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July 12, 2020
Photo by Olivia ZZ/Getty Images

As the sound of fireworks kept me awake at 2 a.m., all I could think about was August 2021.

My sister Mira told me earlier that day that she read an article in The New York Times that said the process of developing and distributing a vaccine for coronavirus could be completed by August 2021. Mira meant to share this as encouraging news, but to me, August 2021 seemed like an eternity away. Having lived nearly four months in a state of isolation, stress and vigilance, I can’t imagine living like this for another 13 months. Could we dodge the disease for another 13 months? Can we live another 13 months without any guests entering our home and not entering anyone else’s home? How can we endure another 13 months of losing joy after joy, plan after plan?

On CNN, a Black woman named Maya Mckenzie was interviewed about a piece she wrote about being pregnant during the pandemic. She wrote “this virus hasn’t taken anyone from me. But I have experienced the deep grief of lost joy.” Indeed, in addition to taking loved ones, every day this virus steals more joy from all of us — the joy of summer adventures, birthday parties, or hugs of friends or extended family.

Or in other words, the Vav in our Shalom is broken. In the beginning of this week’s Torah portion, God gives Pinchas, Aaron’s grandson, a covenant of peace — but in the word Shalom (peace), the letter Vav, which normally stands straight and tall, is broken.

How fitting that Maya named her unborn daughter Paz (which means peace in Spanish). Even as the joy of her pregnancy was taken and replaced by anxiety about the coronavirus, Maya dreams of paz. Somehow, in all different languages around the world, the virus is eroding our peace.

Somehow, in all different languages around the world, the virus is eroding our peace.

I am reminded of two stories. The first was in a novel by Mitch Albom, called “The Next Person You Meet in Heaven.” This book tells the story of Annie, who while mourning for the death of her newborn son, decides to become a nurse. In describing her grief, Albom wrote, “She was broken open. But broken open is still open.”

The second story is one I read by P.J. Long, a mom who suffered a traumatic brain injury when she fell off a horse. In her book, Gifts from a Broken Jar, she recounts a story from India about a village boy who walked each day for several miles from the river to the village, carrying water in two clay jars, one of which was cracked. The man who bought the water would pay for one full jar of water, and one half full, since the water from the cracked jar had leaked.

One day, when the boy sat to rest on his walk, the spirit of the cracked jar apologized to the boy for leaking. The boy replied,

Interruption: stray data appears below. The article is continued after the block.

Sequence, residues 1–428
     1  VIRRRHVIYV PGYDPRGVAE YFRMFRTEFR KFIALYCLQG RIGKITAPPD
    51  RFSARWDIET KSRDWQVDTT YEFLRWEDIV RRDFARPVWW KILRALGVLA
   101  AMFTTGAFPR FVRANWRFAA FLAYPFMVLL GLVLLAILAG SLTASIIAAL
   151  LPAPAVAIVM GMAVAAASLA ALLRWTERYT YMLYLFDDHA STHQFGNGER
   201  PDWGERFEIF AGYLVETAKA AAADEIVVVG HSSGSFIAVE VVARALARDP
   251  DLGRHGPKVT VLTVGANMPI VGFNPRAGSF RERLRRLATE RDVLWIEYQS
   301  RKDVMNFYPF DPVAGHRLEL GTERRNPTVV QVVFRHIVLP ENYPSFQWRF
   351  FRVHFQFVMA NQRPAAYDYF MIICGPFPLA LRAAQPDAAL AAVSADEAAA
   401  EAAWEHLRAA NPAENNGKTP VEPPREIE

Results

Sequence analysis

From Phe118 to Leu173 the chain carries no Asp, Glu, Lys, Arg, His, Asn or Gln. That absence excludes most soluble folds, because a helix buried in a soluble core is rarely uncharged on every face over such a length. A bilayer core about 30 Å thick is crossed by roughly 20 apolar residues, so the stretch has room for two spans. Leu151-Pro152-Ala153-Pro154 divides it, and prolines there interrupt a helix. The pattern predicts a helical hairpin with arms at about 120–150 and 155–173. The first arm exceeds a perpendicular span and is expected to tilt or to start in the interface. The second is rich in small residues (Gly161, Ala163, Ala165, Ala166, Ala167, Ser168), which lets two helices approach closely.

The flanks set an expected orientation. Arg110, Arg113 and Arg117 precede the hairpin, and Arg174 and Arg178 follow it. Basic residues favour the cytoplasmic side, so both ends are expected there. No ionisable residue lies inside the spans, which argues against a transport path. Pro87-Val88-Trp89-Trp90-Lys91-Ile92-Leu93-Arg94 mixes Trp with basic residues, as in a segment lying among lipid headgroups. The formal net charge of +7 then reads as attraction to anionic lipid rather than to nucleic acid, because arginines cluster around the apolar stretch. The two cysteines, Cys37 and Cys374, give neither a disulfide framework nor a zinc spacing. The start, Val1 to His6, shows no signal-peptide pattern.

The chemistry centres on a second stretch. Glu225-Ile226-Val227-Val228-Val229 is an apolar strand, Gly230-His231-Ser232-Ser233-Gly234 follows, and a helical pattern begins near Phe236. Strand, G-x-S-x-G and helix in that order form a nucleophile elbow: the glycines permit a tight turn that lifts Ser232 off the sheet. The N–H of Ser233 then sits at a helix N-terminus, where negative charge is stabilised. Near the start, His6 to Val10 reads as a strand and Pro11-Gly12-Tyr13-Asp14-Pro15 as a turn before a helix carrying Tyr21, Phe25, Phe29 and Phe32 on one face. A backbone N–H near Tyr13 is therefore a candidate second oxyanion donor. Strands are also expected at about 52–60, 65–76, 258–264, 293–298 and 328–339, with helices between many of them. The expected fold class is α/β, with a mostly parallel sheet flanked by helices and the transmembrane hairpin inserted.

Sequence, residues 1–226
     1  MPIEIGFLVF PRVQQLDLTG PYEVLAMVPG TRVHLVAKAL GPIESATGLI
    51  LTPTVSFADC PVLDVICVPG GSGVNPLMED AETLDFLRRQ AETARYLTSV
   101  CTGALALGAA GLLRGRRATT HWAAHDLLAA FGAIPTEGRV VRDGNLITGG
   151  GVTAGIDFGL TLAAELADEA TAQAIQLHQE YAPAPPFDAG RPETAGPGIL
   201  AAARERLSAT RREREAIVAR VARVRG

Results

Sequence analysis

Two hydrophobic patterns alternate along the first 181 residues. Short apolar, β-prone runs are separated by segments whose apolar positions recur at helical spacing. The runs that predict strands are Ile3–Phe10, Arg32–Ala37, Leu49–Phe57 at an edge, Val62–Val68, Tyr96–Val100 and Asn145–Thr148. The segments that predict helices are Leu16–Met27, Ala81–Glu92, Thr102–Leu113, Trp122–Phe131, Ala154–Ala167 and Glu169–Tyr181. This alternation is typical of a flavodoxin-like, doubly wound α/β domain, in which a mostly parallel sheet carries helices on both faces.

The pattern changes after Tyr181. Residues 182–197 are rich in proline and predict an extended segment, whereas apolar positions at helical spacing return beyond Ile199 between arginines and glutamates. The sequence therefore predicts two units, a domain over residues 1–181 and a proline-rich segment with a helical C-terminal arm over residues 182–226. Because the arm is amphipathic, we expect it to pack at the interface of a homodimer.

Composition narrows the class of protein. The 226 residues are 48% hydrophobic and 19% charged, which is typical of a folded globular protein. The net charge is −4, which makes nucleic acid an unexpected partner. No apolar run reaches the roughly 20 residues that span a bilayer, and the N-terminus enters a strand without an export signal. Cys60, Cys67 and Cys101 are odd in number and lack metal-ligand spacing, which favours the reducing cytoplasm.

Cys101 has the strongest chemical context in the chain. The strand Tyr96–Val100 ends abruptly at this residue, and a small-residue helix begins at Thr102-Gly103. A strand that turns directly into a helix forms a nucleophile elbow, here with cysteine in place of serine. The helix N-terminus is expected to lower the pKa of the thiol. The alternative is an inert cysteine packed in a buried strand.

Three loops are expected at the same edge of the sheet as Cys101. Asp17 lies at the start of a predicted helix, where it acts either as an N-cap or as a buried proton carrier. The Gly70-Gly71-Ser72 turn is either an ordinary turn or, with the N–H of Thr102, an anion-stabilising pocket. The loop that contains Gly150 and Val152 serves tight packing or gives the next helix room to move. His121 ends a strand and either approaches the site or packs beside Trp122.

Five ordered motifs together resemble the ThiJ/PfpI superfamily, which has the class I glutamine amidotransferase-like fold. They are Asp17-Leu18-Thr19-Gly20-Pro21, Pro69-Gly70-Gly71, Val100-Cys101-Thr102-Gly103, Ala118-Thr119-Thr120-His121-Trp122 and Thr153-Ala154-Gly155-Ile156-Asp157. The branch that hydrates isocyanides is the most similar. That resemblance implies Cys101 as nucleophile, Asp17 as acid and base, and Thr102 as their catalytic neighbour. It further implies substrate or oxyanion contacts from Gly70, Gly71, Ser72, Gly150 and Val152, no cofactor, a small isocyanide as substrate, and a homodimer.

“Because of you, I am very lucky. A broken jar makes life beautiful. Come, let me show you.” Together they walked back to the river. One side of the path was bare and dusty. But along the other side, where water had trickled down from the broken jar, the way was strewn with wildflowers.

Long saw the years of her life following her brain injury reflected in this story. Although her recuperation entailed tremendous struggle, she discovered unexpected gifts along the way.

Indeed, there have been blessings over the last four months during the pandemic. My daughter learned to cook, we’ve taken up golf, my husband is home, and I’m writing more. But honestly, I would give them all up in a heartbeat for some peace – a day without fear and uncertainty, for a simple meal with friends talking about nothing in particular. I’d patch up the hole in the jar. I’d fill in the Vav to stand stronger again. I’d gladly fast-forward until the day that we are all vaccinated for Covid-19 – but I can’t. We can’t. All we can do is walk forward with our broken-open hearts and hope that wildflowers will grow beside our path.

All we can do is walk forward with our broken-open hearts and hope that wildflowers will grow beside our path.

In 1945, in a shelter in Cologne, Germany, where Jews were hidden during the war, American soldiers found this inscription:

I believe in the sun — even when it is not shining.

I believe in God — even when God is silent.

I believe in love — even when it is not apparent.

Inspired by the story of the broken jar, I’ll add:

I believe in sunflowers, even when I can’t see them yet.

 

Rabbi Ilana B. Grinblat is the vice president of community engagement for the Board of Rabbis.

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